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Family of Tommy Le, King County Sheriff’s Office Reach Settlement

— April 1, 2021

Family of 20-year-old shot to death by officer reaches an agreement with law enforcement.

The King County Sheriff’s Office agreed to pay $5 million dollars for the June 14, 2017 shooting death of Tommy Le, who was 20 years old at the time of this death.  The settlement was reached less than a month before the civil rights lawsuit was set to go to trial.  Le’s family, who filed a lawsuit in 2018, was seeking $10 million in damages.

Neighbors reportedly called 911 to report Le was pounding on doors and threatening them with a knife.  When police officers arrived, after trying to use a taser Le, Deputy Cesar Molina shot him three times.

“Le refused commands to drop what they thought was a knife,” said sheriff’s spokesperson Sgt. Cindi West in 2017. “Two deputies fired their Tasers, with one of them hitting Le. But it had no effect.”

No knife was ever recovered, however, and a week later the police department revised the statement to indicate that Le had a ballpoint pen.  He had trace amounts of LSD in his system, was unarmed and was shot in the back.  His family spent nearly four years exposing what they contend was a coverup. Teachers, family, and friends all said it was very uncharacteristic for Le to threaten anyone.

Family of Tommy Le, King County Sheriff’s Office Reach Settlement
Photo by Kat Wilcox from Pexels

When classmate Nafisa Mohamednur, 19, learned of his death, she responded, “He’s a bubbly kid.  He’s an easy person to talk to about anything.”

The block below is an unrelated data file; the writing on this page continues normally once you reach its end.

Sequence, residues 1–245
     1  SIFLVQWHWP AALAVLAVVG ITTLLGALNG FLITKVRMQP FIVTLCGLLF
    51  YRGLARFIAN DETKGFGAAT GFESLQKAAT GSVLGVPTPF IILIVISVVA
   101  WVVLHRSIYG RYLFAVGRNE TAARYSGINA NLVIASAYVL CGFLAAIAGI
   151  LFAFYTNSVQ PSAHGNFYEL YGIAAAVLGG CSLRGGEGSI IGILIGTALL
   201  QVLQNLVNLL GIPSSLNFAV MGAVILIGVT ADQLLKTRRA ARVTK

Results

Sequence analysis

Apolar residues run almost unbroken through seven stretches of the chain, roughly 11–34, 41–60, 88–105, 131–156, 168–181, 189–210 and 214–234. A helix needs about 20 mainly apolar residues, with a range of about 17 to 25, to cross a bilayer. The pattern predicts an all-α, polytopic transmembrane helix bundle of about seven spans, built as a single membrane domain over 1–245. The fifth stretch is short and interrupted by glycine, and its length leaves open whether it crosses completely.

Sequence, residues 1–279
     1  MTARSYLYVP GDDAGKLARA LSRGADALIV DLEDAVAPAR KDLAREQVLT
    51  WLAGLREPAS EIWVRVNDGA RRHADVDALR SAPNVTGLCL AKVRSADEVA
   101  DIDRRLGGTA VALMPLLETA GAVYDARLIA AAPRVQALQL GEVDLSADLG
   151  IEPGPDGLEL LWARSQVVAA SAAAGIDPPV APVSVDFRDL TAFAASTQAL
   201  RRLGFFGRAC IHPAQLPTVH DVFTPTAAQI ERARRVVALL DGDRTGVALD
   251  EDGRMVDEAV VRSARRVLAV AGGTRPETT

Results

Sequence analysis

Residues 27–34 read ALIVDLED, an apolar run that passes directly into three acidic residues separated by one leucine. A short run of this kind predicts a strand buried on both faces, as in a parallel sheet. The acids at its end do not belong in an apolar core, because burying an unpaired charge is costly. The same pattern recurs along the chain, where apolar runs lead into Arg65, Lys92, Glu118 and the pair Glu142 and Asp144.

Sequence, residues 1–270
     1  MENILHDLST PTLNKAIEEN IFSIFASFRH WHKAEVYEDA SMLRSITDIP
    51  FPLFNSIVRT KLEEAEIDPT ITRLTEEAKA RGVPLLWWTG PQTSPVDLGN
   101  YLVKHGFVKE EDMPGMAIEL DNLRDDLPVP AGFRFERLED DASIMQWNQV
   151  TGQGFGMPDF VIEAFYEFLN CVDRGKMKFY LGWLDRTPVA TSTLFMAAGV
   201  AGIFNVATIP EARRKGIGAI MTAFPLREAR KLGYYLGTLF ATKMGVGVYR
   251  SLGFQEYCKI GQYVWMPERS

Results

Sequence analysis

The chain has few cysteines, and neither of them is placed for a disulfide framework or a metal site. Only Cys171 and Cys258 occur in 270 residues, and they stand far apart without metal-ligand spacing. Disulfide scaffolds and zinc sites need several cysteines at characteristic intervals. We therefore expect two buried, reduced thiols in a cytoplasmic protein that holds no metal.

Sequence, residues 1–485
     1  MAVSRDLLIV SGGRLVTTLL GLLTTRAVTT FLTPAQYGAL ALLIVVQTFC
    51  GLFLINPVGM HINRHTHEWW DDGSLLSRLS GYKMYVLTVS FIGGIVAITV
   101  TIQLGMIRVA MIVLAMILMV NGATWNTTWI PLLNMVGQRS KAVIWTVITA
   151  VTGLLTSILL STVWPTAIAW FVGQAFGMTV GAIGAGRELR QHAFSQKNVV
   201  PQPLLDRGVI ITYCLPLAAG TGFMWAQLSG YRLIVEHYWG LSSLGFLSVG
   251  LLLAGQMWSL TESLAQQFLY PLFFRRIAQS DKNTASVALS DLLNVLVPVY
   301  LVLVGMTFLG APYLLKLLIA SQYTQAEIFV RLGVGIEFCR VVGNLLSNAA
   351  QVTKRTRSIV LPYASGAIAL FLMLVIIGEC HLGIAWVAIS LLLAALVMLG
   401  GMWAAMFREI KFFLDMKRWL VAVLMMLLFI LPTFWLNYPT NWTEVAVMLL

The Le family attorney, Jeff Campiche, says witnesses saw Le under a streetlight with nothing in his hands.  Attorneys for Le also said the pen found on the scene was the same kind used by the sheriff’s office and that it may have been planted at the scene.  And, most importantly, Le was shot in the back, indicating he was running away.  The attorneys for the Le family say the results of the autopsy were not included in the investigation.

The Force Review Board ruled the death was warranted, but an independent investigation by the Office of Law Enforcement Oversight found the King County Sheriff’s Office “failed to acknowledge critical facts, including that Mr. Le was not advancing on the deputy who used deadly force.”

In December 2020, a federal judge in the 9th Circuit Court of Appeals sanctioned King County attorneys and the deputy for “frivolous appeals.” The judge said they “wasted the court’s time and resources.”

The sheriff’s office, however, stood by its claims, stating, “The King County Sheriff’s Office was ready and willing to try this case in a court of law.  Although the parties do not agree on the fundamental facts of this case, we are pleased this settlement will allow everyone to avoid a difficult, and likely painful, trial.  King County Sheriff’s Deputy Cesar Molina was dismissed from the lawsuit as a named party as a condition of the settlement.”

King County Executive Dow Constantine also submitted a statement, saying, “I hope this settlement brings a measure of peace to the Le family and the community.  This tragic event underscores the need for a thorough review of law enforcement policies and procedures following an officer-involved death.”

The agreement can only do so much for the family.  “There is still pain in our family every day, nothing is going to change,” said Sunny Le, Tommy’s father. “I want my son back.”


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